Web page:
A Mount Desert Island man who has fellow Democrats concerned over Facebook postings promoting blog posts titled “F*** Bar Harbor Business Owners” and “America Always Sucked: Happy 4th of July!” is the only candidate for a Hancock County Commission seat whose name will be on any of next week’s primary ballots.
Ian J. Schwartz, who lives in Mount Desert, ran unsuccessfully in the 2018 Democratic state Senate primary against incumbent Louis Luchini, and again is running for office as a Democrat for a four-year term as county commissioner. No candidates are listed on Republican primary ballots in towns in the commission district, which include all those on MDI as well as Cranberry Isles, Franklin, Frenchboro, Hancock, Lamoine, Swan’s Island and Trenton.
There are other MDI residents who have publicly declared their intent to run for the seat as write-in candidates, however.
One of them, former Bar Harbor town councilor Paul Paradis, is an official write-in candidate in the Republican primary and is expected to have his name appear on the Nov. 3 general election ballot.
The other is Bar Harbor resident Jill Weber, a registered Democrat who said she decided to throw her hat into the ring when she was “no longer willing to accept the declared Democratic candidate” for the commissioner seat.
Weber has publicly announced that she is running for the seat, despite the fact that she has not qualified for the primary as an official write-in candidate, which means write-in votes for her on July 14 will not be counted, according to state elections officials. Even so, Weber’s nascent candidacy has garnered some support on Facebook, where users who live in the area have urged people to vote for her rather than Schwartz.
Weber declined last week to get specific about why she has decided to run against Schwartz, saying only that his approach “is not going to move anyone forward” and that she thinks she is a better candidate. Weber, who works as a consulting biologist, has served on town committees in Bar Harbor but has not previously held elected public office.
“I think I will bring a more effective approach,” Weber said.
Multiple recent attempts to contact Schwartz have been unsuccessful. He did not respond to emails sent to an address listed on his campaign’s Facebook page or to a Facebook direct message, and is not living at the Seal Harbor location listed as his home address in town voter registration records. A woman who answered the door last week at that address said she was renting it from a friend (who is listed as the owner in the town’s assessing records) and that she had never heard of Schwartz.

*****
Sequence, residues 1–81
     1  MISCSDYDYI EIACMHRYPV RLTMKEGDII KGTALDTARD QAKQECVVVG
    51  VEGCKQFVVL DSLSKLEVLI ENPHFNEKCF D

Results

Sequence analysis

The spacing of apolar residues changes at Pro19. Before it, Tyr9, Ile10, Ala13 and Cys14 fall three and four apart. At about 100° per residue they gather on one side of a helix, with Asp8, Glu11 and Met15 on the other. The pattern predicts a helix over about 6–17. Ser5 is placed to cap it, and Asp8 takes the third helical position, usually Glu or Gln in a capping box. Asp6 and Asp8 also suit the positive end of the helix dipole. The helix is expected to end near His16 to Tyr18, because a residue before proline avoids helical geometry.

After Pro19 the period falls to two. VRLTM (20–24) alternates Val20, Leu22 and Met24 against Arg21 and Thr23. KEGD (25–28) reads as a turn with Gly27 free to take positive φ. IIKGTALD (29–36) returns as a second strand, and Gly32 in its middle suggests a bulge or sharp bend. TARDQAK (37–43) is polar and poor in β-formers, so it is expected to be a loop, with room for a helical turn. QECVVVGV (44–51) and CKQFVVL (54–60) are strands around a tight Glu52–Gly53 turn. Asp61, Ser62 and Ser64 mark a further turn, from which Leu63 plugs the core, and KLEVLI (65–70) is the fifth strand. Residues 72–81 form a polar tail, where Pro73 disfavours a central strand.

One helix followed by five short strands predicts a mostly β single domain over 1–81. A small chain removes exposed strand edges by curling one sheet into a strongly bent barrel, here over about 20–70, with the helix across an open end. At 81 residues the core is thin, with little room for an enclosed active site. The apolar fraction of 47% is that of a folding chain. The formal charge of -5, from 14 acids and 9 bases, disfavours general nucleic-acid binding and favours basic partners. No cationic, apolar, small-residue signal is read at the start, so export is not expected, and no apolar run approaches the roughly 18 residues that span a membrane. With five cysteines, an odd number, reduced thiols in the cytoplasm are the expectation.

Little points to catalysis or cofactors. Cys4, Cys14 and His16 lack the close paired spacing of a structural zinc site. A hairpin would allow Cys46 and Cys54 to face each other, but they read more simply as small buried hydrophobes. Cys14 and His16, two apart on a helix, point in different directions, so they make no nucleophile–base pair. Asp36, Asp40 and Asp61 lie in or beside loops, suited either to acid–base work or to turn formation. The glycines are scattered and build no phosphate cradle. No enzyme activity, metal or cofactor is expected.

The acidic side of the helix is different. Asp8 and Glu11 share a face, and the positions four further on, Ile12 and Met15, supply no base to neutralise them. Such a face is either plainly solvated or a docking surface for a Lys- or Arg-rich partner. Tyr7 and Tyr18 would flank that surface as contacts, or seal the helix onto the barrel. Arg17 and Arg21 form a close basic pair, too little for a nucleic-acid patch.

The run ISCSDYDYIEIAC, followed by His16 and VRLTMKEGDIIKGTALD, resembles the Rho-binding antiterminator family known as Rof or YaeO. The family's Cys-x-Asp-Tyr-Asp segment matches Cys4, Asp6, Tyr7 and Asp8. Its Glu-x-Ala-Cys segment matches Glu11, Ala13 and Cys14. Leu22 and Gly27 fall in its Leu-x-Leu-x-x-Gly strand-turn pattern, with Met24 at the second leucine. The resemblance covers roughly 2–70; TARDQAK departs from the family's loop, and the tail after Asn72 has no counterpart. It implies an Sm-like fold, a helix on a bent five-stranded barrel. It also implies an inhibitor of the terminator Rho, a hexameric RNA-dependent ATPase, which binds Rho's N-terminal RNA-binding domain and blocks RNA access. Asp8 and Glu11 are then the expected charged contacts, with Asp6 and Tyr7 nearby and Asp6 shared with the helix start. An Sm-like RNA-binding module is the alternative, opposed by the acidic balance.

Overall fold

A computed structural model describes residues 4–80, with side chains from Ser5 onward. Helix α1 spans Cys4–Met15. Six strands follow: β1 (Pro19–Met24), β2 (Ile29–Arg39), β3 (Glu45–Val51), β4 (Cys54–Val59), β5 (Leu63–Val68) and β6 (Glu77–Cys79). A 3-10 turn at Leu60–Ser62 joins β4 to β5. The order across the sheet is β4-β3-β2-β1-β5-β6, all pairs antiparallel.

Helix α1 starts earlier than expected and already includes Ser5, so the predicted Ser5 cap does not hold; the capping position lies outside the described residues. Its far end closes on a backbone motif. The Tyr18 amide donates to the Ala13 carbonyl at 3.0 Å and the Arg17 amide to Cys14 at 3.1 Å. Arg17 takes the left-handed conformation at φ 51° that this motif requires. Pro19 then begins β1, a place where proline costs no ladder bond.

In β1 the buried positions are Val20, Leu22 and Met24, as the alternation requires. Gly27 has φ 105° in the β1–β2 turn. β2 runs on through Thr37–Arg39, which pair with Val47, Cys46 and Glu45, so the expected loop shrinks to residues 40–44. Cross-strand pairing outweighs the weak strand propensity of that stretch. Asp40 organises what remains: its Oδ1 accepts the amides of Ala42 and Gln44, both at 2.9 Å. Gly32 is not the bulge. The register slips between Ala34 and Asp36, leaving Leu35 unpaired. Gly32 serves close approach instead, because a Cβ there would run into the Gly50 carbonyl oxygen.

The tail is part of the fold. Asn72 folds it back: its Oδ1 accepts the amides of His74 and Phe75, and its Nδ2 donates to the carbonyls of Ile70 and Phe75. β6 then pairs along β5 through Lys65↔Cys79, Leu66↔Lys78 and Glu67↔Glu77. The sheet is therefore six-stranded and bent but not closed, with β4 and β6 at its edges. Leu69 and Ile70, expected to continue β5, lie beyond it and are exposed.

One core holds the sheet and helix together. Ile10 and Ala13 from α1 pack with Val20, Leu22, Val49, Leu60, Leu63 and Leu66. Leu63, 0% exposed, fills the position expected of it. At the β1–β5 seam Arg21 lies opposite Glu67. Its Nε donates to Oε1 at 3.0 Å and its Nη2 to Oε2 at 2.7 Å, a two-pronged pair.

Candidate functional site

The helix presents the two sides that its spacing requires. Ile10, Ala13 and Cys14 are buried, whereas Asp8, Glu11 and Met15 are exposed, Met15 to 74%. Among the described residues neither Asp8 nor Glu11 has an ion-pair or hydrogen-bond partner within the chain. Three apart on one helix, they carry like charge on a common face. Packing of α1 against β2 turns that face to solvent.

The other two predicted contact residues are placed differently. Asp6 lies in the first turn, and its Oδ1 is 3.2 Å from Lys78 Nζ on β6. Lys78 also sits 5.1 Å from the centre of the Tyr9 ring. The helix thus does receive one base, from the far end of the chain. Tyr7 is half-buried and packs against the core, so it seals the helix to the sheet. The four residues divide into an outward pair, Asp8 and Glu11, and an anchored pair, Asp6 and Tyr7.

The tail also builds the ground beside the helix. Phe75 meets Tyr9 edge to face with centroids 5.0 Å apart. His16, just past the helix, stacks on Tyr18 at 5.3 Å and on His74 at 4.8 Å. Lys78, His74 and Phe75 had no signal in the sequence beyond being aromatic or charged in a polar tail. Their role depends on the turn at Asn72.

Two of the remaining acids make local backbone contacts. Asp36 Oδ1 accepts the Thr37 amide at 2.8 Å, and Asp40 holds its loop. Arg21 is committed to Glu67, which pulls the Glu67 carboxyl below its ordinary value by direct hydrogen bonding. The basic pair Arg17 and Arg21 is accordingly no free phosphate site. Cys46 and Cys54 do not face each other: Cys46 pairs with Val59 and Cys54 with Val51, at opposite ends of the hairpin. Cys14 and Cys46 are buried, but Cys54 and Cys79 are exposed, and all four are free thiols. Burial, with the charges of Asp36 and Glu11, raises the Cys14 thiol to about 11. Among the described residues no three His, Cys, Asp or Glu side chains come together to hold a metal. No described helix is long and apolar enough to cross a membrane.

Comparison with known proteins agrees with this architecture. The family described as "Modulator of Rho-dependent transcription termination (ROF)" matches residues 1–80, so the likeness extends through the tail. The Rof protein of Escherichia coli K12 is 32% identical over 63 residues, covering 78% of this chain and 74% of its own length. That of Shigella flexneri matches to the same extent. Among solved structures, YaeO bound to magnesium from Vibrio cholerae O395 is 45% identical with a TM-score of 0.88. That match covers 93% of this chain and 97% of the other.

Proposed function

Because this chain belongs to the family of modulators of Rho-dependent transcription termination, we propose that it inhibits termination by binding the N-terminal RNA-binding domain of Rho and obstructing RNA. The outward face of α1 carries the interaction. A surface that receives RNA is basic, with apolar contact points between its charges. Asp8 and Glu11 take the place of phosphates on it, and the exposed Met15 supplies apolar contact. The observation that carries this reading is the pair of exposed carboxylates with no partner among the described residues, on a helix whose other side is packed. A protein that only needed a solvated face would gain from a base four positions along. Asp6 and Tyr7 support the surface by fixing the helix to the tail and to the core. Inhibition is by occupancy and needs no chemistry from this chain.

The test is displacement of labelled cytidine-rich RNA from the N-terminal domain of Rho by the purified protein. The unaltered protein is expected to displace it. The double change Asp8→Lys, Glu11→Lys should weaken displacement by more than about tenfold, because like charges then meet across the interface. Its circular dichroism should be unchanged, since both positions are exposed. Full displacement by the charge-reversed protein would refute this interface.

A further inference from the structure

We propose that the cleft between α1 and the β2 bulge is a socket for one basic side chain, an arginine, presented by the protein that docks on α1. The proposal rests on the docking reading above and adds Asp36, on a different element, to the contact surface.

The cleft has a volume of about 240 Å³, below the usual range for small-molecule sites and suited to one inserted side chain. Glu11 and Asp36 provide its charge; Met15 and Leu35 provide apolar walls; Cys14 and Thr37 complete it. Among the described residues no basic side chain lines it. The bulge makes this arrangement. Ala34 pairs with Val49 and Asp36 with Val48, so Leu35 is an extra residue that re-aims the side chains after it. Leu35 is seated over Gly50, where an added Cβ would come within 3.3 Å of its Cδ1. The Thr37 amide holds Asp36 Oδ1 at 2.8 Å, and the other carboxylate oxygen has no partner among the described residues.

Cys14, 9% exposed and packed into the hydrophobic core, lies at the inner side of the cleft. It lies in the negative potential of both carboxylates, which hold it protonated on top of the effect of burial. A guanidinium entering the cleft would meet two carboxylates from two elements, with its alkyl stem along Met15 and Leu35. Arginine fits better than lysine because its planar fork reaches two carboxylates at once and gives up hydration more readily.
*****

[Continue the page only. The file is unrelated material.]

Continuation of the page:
A spokesperson for the secretary of state’s office, which oversees elections in Maine, said Monday that the office did not have a phone number for Schwartz on file.
Schwartz, who ran unsuccessfully last year for the Mount Desert board of selectmen, has advocated for banning cruise ships from the waters around MDI and removing police from schools. On Facebook, Schwartz said he is running for county commissioner in order to “provide more funding for restorative justice, protect the county from environmental destruction, and increase worker power.”
Also, on a Facebook community page used by Hancock County residents, Schwartz has been critical of what he calls “cop apologists” and has taken flak for promoting an anonymous blog with posts titled “America Always Sucked: Happy 4th of July!,” “The Impending Total Collapse of the United States,” and “F*** Bar Harbor Business Owners,” among others.
Schwartz currently serves as one of 10 members of the county’s budget advisory committee, each of whom is elected at a caucus that each commissioner holds in his district. He is hoping to replace Antonio Blasi on the three-seat commission. Blasi, a Democrat, has opted not to seek re-election so he can challenge incumbent Republican Rep. Billy Bob Faulkingham to represent Maine House District 136 in the Legislature.
Alfred Judd, chair of the Hancock County Democratic Committee, said Monday that the committee does not support or oppose Schwartz’s candidacy.
“We remain neutral in primaries and support the election of Democrats in general elections,” Judd said.
As for her campaign plans, Weber said last week that she plans to start collecting signatures after the July 14 primary so she can be an official write-in candidate in November, though she would have to run without any party support. Weber missed the June 1 deadline set by the secretary of state’s office for getting her name on the Nov. 3 general election ballot as a non-party candidate.
If she gathers at least 100 signatures from voters in the district and submits them to state election officials by Sept. 4, she can keep her Democratic Party affiliation and run as an official write-in candidate for the general election, according to Kristen Muszynski, spokesperson for the secretary of state’s office.
Paradis is running unopposed as a write-in candidate for the Republican nomination, so if he gets at least 100 votes in the July 14 Republican primary, he will have his name listed on the Nov. 3 ballot as the GOP candidate for the commission seat.
Paradis said Monday that he was asked to run for the seat by other area Republicans, whom he did not specify. He declined to cite any specific concerns, but said Schwartz’s candidacy was one reason he decided to run. It was too late for him to make the deadline for getting his name on the primary ballot, but he was able to beat the deadline for qualifying as an official write-in candidate, which was April 10.
Paradis, a Bar Harbor hardware store owner and private pilot who frequently uses the county-owned airport in Trenton, said his background and prior political experience makes him well-suited to serve on the commission.
“I think I can provide a balanced approach,” Paradis said. “I think I can do a good job.”